By Zaid NoorsumarPart 8 of our Special Investigation into OPSWA The Ontario Personal Support Workers Association maintains a private Facebook group of 12,000 members. It is one of the main, regular platforms of communication between OPSWA president Miranda Ferrier and PSWs. During my investigation of OPSWA, I found multiple examples of her spreading misinformation. Here Continue readingOPSWA’s social media misinformation
By Zaid NoorsumarPart 7 of our Special Investigation into OPSWA I just find it interesting that you see all these OPSWA posts that claim they are there for the PSW, and support all PSW’s and all this. But if you question anything, ‘No, you’re blocked, that’s it.’ Stephanie Lynn, home care PSW and former OPSWA Continue readingBlocked: OPSWA and its critics
By Alice Chen & Zaid Noorsumar Part 6 of our Special Investigation into OPSWA The Ontario Personal Support Worker Association (OPSWA) is one of the only associations representing Personal Support Workers in the province. It has a president, but it has no governing board because OPSWA is in fact governed by its parent body, the Continue readingOPSWA’s governance structure: A family affair?
By Zaid NoorsumarPart 5 of our Special Investigation into OPSWA In late February 2021, the Globe & Mail reported the Ontario Personal Support Workers Association (OPSWA) had 49,000 members. If this is to be believed, then the association represents about a third of the province’s 130,000+ PSWs. According to the news media – which has Continue readingDoes OPSWA really represent 49,000 members?
By Zaid Noorsumar Part 4 of our Special Investigation into OPSWA Most Personal Support Workers I have spoken with support the demand for self-regulation. The consensus is that a regulatory body would standardize educational requirements, establish benchmarks, and hold workers to account when they make mistakes. The Ontario Personal Support Workers Association (OPSWA) has been Continue readingOPSWA, self-regulation and the Ontario PC Party
By Zaid NoorsumarPart 2 of our Special Investigation into OPSWA I think the thing that’s worrisome is that they just have not been there calling for the things that everyone else is calling for that would improve the livelihood of PSWs…And then you look and see that there’s funding and sponsorships, and so on by Continue readingOPSWA and its corporate friends
By Zaid NoorsumarPart 1 of our Special Investigation into OPSWA PSWs have always fought and struggled for dignity and respect and to improve care and working conditions. In December 2013, Ontario PSWs struck for these reasons against Red Cross/Care Partners, a very large home care operator. The PSWs were members of SEIU Healthcare, one of Continue readingJustice for PSWs and OPSWA “betrayal”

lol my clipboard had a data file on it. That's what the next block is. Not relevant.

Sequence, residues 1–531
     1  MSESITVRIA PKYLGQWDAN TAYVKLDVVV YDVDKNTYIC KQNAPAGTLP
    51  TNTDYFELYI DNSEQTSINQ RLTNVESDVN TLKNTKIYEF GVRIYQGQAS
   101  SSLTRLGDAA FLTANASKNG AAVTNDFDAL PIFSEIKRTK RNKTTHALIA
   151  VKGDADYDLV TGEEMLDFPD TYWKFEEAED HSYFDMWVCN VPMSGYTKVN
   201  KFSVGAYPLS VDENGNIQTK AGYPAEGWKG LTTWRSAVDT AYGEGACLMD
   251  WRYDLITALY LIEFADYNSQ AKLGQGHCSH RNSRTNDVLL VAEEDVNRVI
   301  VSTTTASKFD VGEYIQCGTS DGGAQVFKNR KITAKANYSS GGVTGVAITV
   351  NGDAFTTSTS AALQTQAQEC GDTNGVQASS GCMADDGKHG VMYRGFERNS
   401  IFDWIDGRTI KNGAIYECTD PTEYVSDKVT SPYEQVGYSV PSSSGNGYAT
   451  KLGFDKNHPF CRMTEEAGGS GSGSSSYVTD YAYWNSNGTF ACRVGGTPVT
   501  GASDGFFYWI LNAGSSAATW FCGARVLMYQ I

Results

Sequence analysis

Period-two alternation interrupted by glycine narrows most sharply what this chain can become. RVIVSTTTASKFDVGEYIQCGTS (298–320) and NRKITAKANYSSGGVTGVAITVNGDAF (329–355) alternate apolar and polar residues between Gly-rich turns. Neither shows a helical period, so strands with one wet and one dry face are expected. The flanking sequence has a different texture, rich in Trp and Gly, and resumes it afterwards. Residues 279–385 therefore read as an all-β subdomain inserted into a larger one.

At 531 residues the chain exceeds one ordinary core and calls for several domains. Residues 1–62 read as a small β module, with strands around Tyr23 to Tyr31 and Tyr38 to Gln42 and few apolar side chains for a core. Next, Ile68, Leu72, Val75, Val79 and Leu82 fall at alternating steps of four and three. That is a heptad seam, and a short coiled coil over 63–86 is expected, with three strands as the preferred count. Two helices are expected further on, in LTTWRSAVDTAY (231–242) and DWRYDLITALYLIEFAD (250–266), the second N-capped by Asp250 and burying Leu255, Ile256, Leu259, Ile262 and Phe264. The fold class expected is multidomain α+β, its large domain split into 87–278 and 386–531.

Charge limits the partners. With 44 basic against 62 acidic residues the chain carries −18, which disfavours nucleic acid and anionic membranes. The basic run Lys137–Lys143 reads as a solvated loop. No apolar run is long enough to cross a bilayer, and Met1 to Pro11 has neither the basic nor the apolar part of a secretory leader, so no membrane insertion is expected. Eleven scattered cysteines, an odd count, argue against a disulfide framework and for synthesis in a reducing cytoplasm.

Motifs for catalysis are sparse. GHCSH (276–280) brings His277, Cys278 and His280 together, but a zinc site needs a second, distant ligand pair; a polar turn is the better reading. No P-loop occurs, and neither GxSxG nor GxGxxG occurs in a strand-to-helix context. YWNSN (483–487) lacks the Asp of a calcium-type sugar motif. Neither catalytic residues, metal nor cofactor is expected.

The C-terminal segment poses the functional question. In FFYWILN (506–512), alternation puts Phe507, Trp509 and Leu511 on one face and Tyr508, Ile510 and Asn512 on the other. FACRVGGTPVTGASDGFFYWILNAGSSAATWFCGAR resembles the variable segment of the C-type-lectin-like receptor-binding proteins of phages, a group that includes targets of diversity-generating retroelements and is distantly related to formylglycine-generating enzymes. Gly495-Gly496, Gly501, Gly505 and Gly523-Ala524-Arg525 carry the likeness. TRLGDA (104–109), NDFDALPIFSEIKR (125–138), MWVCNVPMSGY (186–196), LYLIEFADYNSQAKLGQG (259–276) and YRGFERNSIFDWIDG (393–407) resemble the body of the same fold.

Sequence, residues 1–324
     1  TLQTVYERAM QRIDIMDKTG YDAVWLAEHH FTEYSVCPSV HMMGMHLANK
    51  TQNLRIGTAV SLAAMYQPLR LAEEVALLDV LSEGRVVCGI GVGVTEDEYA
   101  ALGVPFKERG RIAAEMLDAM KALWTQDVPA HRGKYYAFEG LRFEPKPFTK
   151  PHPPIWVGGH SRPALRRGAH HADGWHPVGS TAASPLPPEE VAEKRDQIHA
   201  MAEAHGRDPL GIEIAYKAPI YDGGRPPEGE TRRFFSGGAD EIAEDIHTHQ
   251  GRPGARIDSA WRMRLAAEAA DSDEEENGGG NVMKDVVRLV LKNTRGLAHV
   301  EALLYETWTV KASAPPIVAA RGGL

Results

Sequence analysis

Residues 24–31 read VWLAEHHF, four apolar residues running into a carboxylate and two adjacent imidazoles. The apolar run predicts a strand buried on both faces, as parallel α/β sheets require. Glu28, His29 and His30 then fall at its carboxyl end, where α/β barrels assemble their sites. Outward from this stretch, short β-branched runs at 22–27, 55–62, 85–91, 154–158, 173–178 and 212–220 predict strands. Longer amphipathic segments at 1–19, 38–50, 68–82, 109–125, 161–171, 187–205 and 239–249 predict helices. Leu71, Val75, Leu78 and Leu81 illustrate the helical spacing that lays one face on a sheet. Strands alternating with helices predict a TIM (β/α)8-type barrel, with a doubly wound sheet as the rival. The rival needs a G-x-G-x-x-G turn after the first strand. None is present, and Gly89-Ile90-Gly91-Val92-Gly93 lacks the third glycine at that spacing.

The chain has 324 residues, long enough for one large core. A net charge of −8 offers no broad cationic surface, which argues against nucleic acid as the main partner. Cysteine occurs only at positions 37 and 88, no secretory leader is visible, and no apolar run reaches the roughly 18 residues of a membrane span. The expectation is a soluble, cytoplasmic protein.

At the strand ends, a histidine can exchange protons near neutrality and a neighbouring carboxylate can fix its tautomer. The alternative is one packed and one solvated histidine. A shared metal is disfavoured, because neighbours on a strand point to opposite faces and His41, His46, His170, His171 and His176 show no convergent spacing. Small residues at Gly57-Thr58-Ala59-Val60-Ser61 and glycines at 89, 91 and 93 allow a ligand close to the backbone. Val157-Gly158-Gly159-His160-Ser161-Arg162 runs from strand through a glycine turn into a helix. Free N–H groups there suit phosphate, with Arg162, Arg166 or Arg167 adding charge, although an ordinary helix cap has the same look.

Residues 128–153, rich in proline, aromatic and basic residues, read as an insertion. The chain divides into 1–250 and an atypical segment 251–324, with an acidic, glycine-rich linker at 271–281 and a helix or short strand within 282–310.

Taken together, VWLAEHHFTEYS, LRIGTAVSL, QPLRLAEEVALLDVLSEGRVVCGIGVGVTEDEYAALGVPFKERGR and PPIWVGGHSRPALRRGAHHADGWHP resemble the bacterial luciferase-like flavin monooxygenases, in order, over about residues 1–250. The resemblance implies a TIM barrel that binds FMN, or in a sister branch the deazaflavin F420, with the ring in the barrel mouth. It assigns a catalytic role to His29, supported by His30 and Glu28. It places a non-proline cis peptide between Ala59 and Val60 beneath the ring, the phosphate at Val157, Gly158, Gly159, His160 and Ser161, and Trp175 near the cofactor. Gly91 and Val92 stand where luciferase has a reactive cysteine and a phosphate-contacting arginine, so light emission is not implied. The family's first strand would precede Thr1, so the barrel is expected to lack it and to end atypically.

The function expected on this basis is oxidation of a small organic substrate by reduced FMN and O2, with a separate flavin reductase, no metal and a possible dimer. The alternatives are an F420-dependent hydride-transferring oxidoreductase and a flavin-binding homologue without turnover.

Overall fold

Articles The Justice for PSWs strike and OPSWA “betrayal” OPSWA and its corporate friends Time to care? OPSWA’s inconsistency on LTC care standards OPSWA, self-regulation and the Ontario PC Party Does OPSWA really represent 49,000 members? OPSWA’s governance structure: A family affair? Blocked: OPSWA and its critics OPSWA’s social media misinformation Introducing the investigation The Continue readingThe Ontario PSW Association: A Special Investigation
By Zaid NoorsumarPart 3 of our Special Investigation into OPSWA In November 2020, the Ontario Progressive Conservative government finally committed to restoring a minimum care standard in nursing homes. The government’s decision was a response to intense criticism and months of activism by healthcare workers, their unions, family members of nursing home residents, and other Continue readingTime to care? OPSWA’s inconsistency on LTC care standards
Conditions in home care were getting worse. One PSW decided to organize a union. By Zaid Noorsumar The drive north from Oshawa to Haliburton County in Central Ontario takes two hours. There were times when Laura Borden* would travel that distance to meet her co-workers – and end up sitting alone at Tim Horton’s. “Sometimes Continue readingShe wanted a union
By Zaid Noorsumar Punched. Groped. Kicked. Violence in long-term care homes has to stop. Staff and residents are caught in a vicious cycle of violence in Ontario’s nursing homes. Caregivers who are punched, kicked, and spat on as they tend to residents. Caregivers who are scratched and bitten. Accustomed to bruises and burns. Groped and Continue readingBreaking Point: Violence in Long Term Care